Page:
By Nick Anderson
Washington Post Staff Writer
Tuesday, September 21, 2010; 9:46 PM
Offering teachers incentives of up to $15,000 to improve student test scores produced no discernible difference in academic performance, according to a study released Tuesday, a result likely to reshape the debate about merit pay programs sprouting in D.C. schools and many others nationwide.
The study, which the authors and other experts described as the first scientifically rigorous review of merit pay in the United States, measured the effect of financial incentives on teachers in Nashville public schools and found that better pay alone was not enough to inspire gains.
Advocates of performance pay did not immediately challenge the methodology of the study. But they said its conclusions were narrow and failed to evaluate the full package of professional development and other measures that President Obama and philanthropists such as Bill Gates say are crucial to improving America's public schools.
"Pay reform is often thought to be a magic bullet," said Matthew Springer, a Vanderbilt University education professor who led the study. "That doesn't appear to be the case here. We need to develop more thoughtful and comprehensive ways of thinking about compensation. But at the same time, we're not even sure whether incentive pay is an effective strategy for improving the system itself."
With backing from federal and state governments and private foundations, a growing number of public schools in recent years have embraced the idea of paying teachers, at least in part, on how much they improve student achievement.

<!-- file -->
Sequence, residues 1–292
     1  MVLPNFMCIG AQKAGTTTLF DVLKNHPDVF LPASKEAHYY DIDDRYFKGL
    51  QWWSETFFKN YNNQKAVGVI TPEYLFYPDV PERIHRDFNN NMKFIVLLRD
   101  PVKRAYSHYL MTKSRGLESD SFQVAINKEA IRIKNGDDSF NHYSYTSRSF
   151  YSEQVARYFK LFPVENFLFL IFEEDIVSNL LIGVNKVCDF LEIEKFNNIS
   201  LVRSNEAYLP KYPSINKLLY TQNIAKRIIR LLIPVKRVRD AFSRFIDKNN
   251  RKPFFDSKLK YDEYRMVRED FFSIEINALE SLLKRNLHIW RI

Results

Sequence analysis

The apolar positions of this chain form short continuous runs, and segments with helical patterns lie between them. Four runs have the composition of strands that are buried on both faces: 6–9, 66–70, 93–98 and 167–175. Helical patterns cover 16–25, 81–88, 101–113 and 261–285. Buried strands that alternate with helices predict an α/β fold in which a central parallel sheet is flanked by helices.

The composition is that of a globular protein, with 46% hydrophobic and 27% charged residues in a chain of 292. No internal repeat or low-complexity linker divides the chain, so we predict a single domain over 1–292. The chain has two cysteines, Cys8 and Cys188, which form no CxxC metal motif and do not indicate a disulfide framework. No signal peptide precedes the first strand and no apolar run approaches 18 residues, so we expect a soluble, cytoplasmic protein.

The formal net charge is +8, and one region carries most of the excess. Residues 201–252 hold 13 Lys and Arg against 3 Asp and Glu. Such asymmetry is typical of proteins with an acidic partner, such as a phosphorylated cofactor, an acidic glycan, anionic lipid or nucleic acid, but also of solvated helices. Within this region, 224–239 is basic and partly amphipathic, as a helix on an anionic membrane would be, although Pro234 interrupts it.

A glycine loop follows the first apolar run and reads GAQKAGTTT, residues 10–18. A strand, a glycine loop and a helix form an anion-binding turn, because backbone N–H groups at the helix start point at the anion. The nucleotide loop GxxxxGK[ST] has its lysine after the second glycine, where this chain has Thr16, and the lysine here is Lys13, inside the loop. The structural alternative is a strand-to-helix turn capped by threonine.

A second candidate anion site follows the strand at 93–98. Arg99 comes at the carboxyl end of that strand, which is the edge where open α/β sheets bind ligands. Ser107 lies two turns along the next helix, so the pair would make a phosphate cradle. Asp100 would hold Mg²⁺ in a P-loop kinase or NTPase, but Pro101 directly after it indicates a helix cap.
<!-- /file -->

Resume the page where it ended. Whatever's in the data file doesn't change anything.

Obama has encouraged the movement, through $4.35 billion in federal Race to the Top grants and other federal programs, despite the skepticism of some teachers unions and lawmakers within his party. D.C. Schools Chancellor Michelle A. Rhee became a hero in reform circles in part because of her insistence on a teachers' contract that allows performance bonuses. Some Prince George's County teachers also are earning bonuses.
Central to such changes is the idea that teachers should be rewarded when their students achieve outsize gains on standardized tests. That is a major shift from the tradition of determining pay by seniority and credentials such as master's or doctoral degrees.
The study was conducted by the National Center on Performance Incentives at Vanderbilt. The center, which takes no advocacy position on the issue, was created at the university's highly regarded Peabody College of Education and Human Development in 2006 with a $10 million federal research grant.
In a three-year experiment funded by the federal grant and aided by the Rand Corp., researchers tracked what happened in Nashville schools when math teachers in grades 5 through 8 were offered bonuses of $5,000, $10,000 and $15,000 for hitting annual test-score targets. About 300 teachers volunteered. Researchers randomly assigned half of the participants to a control group ineligible for the bonuses and the other half to an experimental group that could receive bonuses if their students reached certain benchmarks.
Researchers designed the bonuses to be large enough to function as a legitimate incentive for teachers whose average salary, according to a union official, is between $40,000 and $50,000. There were no additional variables in the experiment: no professional development, mentoring or other elements meant to affect test scores. The bonuses, totaling nearly $1.3 million, were funded by businessman Orrin Ingram, according to news reports. A university spokeswoman said Tuesday evening that she could not confirm those reports, and Ingram could not be reached for comment.